1. Scope of Application

Israels position with regard to the applicability of the human rights instruments to the West Bank and the Gaza Strip has become the subject of extensive debate in the human rights treaty monitoring bodies. Israel has consistently maintained, pursuant to Article 29 of the 1969 Vienna Convention on the Law of Treaties, that a States jurisdiction is not binding beyond its national territory unless otherwise determined in the treaty. In the context of Israel, the West Bank and the Gaza Strip, the question arises which legal regime applies in the West Bank and the Gaza Strip (hereinafter: the territories) – human rights law or humanitarian law.15

Even assuming that a State Party is indeed accountable for implementation of human rights conventions in areas over which it exercises actual and effective civil or military control, this assertion is, to a very large extent, not applicable in Israels sui generis context. In light of the on-going negotiating process with the PLO on implementation of the 1995 Interim Agreement on the West Bank and the Gaza Strip, and of the more recent 1998 Wye River Memorandum, the legal regime in the territories is in a state of constant change, with powers and responsibilities being transferred to the Palestinian autonomous administration in varying spheres of civil life. In fact, virtually all spheres of government covering civil aspects of life in the West Bank and the Gaza Strip, as well as a variety of security issues, are now under complete Palestinian responsibility. Accordingly, both legally as well as practically, Israel is not in a position to enforce compliance with human rights norms in the territories in many of the spheres covered by the Covenants.

Israel remains responsible for powers and responsibilities which have not been transferred to the Palestinians, including external security and to a certain extent, in specific areas, internal security and public order, as well as a number of civilian responsibilities relating to land in areas where there is little civilian population. Consequently, to the extent that it still has relevant data, Israel has expressed its willingness to share information and to respond to queries raised in the various human rights monitoring bodies.16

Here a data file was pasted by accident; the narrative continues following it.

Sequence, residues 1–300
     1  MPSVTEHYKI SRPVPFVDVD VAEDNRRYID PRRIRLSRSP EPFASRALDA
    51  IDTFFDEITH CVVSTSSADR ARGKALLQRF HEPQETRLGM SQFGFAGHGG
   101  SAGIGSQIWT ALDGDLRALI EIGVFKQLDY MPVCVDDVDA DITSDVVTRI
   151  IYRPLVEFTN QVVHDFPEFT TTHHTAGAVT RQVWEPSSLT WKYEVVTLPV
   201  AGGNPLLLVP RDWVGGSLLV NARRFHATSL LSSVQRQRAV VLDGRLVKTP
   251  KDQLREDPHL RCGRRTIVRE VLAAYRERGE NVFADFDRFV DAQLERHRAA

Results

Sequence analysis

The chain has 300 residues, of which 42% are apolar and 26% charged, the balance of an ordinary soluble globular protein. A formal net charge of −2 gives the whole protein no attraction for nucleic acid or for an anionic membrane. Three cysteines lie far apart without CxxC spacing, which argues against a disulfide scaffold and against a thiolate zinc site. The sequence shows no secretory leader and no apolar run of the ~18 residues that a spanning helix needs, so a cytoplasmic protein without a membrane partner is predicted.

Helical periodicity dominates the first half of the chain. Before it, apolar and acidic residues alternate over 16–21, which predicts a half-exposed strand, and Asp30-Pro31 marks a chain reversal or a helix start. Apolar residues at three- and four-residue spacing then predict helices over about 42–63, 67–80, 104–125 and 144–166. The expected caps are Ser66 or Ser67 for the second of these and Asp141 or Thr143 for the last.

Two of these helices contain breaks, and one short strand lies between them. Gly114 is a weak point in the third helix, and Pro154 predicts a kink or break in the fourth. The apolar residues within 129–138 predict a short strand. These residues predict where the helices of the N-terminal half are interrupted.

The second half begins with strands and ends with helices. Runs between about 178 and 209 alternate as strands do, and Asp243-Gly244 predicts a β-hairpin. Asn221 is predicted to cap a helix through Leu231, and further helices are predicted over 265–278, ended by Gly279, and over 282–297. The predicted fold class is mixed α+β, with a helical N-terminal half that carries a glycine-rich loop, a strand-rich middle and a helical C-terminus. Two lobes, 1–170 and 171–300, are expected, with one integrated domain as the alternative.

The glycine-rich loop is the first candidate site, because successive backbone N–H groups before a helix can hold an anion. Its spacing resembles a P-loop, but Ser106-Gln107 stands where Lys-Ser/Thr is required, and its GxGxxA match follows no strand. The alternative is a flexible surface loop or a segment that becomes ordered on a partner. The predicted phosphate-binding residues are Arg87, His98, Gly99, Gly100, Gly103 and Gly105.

1. Overlapping

Notwithstanding the difference in origin and content of the various human rights instruments, they nevertheless share common elements of convergence and overlapping, both as regards concept as well as in their application. With a view to addressing this problem and reducing duplication in the different supervisory bodies, a special Report of the Secretary-General was prepared17 in 1989 indicating the extent and nature of the overlapping issues dealt with in the six principal human rights treaties.

As most of the reports presented by Israel, as cited above, are initial reports, there exists, of necessity, a greater level of overlapping in some spheres, mainly in the background presentation required by each Covenant, but also in substantive matters covered by the Covenants. Hence, in this present review of Israels presentations before the international human rights bodies, despite the fact that various issues figure repeatedly and extensively, both in Israels reports as well as in the discussions of Israels implementation of the various Covenants, reference is made only once to each such issue.

III Appraisal of Israels Most Recent Presentations under Human rights instruments

  1. The International Covenant on Economic, Social and Cultural Rights (ICESCR)